Manage Change in a Hyper-Changing World
Gary Hamel, Strategy Consultant, on managing change 24/7.
There is so much attention being paid today on how to embrace change. But management expert Gary Hamel, the bestselling author of What Matters Now, says that leaders need to understand that change itself has changed. Grasping the evolution of change will prepare leaders to anticipate shifts and the unstoppable innovations that drive them.
In the latest installment of Big Think’s Edge, Hamel teaches how to navigate today’s world of accelerated change and relentless competition.
The Revolution of Management
In the near future, industries will be ruled by technologies that haven’t been invented yet. Moore’s Law has observed that computing power doubles every two years, and so can you imagine what leading industries will look like two decades from now?
Leaders who don’t want to be blindsided by a shift must be experts at anticipating and leveraging change. “There’s a very good chance that over the next few years we are going to see a revolution in management that is just as profound as the revolution in management that gave birth to the industrial age,” says Hamel.
The Acceleration Continues
As fast-paced as the world is today, we have to stop a moment and consider how change itself has changed. And the pace may not seem natural, as far as our agrarian ancestors are concerned; it's not slowing down but becoming faster. “We literally live today in a world where change has changed. We are the first generation in history where the pace of change has gone hyper-critical within our lifetimes,” Hamel points out.
Modernity has given us an "exponential lifestyle" where everything from CO2 emissions and the number of genes sequenced to the number of discovered planets are essentially growing exponentially. The old adage should be changed to: rapid change is the only constant.
From the printing press to the personal computer to whatever device we're all glued to ten years from now, advancements in technology provide greater opportunities. This is of course a positive trend, one that evens the playing field. But it also means fiercer competition and lowered barriers of entry.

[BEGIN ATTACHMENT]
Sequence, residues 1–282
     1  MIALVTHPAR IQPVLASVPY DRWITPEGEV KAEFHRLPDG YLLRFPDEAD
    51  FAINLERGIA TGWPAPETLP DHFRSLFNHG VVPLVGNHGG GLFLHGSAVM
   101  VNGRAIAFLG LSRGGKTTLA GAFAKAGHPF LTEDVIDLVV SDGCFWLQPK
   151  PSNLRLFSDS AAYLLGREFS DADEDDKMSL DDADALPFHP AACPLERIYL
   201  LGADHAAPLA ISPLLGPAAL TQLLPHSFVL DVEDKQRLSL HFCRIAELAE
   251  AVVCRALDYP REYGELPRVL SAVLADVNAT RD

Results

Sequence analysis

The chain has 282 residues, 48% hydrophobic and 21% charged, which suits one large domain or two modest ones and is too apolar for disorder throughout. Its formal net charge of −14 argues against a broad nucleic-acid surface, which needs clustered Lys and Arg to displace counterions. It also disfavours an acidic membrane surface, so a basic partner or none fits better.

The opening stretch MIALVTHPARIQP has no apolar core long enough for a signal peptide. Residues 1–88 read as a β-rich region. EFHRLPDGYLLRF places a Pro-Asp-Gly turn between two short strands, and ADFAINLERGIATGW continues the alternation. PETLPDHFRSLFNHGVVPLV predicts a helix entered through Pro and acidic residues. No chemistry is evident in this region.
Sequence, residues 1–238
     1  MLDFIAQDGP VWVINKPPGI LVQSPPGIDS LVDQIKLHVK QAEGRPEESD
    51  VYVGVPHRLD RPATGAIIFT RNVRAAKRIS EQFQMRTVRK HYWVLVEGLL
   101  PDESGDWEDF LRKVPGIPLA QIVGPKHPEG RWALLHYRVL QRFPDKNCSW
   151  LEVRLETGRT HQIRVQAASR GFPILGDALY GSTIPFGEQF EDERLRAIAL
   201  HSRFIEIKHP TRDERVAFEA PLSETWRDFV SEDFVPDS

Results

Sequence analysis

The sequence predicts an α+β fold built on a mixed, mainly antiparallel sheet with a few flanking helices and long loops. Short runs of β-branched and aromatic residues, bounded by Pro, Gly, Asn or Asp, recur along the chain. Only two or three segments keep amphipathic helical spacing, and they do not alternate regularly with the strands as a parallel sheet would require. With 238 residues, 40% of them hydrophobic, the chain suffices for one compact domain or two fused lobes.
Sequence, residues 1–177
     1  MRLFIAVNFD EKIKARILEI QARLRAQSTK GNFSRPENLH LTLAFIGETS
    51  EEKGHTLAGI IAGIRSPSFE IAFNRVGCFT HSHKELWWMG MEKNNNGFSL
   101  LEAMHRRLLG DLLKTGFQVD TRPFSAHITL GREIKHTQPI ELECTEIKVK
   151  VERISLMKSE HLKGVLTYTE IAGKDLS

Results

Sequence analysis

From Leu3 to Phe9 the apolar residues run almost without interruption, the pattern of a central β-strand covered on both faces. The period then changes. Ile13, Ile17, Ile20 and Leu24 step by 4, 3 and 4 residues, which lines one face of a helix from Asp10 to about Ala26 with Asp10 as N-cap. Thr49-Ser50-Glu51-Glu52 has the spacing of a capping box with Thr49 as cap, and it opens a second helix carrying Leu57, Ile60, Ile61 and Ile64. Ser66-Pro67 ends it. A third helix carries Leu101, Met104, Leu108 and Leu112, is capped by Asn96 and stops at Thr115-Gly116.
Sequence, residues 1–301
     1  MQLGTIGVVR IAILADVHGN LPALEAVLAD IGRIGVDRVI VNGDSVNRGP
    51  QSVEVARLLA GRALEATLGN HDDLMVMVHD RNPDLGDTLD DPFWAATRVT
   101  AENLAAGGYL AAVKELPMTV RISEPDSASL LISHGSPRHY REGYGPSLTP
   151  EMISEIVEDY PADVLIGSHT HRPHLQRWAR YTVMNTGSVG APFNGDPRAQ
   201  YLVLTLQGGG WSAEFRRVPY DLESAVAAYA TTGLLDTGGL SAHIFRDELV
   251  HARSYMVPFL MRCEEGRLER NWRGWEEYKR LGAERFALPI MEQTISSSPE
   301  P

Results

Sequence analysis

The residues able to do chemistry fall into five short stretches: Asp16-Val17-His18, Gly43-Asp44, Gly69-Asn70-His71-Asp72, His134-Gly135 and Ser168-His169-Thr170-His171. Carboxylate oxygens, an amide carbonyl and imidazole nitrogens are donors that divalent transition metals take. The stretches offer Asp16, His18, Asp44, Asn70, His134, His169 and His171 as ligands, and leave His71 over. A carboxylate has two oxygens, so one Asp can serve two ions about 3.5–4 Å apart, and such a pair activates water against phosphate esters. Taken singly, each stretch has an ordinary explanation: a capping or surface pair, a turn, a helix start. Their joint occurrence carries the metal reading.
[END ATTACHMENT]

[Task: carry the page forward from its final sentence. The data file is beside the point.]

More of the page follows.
Master navigating change and you gain an advantage over your competitors. You will also anticipate shifts before they happen and seize on new innovations and other opportunities in uncertain times.
To learn how to understand everything you need to know about managing change, subscribe to Big Think’s Edge and watch this clip from Hamel’s discussion on staying competitive in our ever changing world:
Swipe right to make the connections that could change your career.
Swipe right. Match. Meet over coffee or set up a call.
No, we aren't talking about Tinder. Introducing Shapr, a free app that helps people with synergistic professional goals and skill sets easily meet and collaborate.
The Canadian professor has an extensive collection posted on his site.
- Peterson's Great Books list features classics by Orwell, Jung, Huxley, and Dostoevsky.
- Categories include literature, neuroscience, religion, and systems analysis.
- Having recently left Patreon for "freedom of speech" reasons, Peterson is taking direct donations through Paypal (and Bitcoin).
Best case: Redrawing borders leads to peace, prosperity and EU membership. But there's also a worst case.
Despite incredible economic growth, it is not necessarily an investor's paradise.
- China's stock market is just 27 years old. It's economy has grown 30x over that time.
- Imagine if you had invested early and gotten in on the ground floor.
- Actually, you would have lost money. Here's how that's possible.
SMARTER FASTER trademarks owned by The Big Think, Inc. All rights reserved.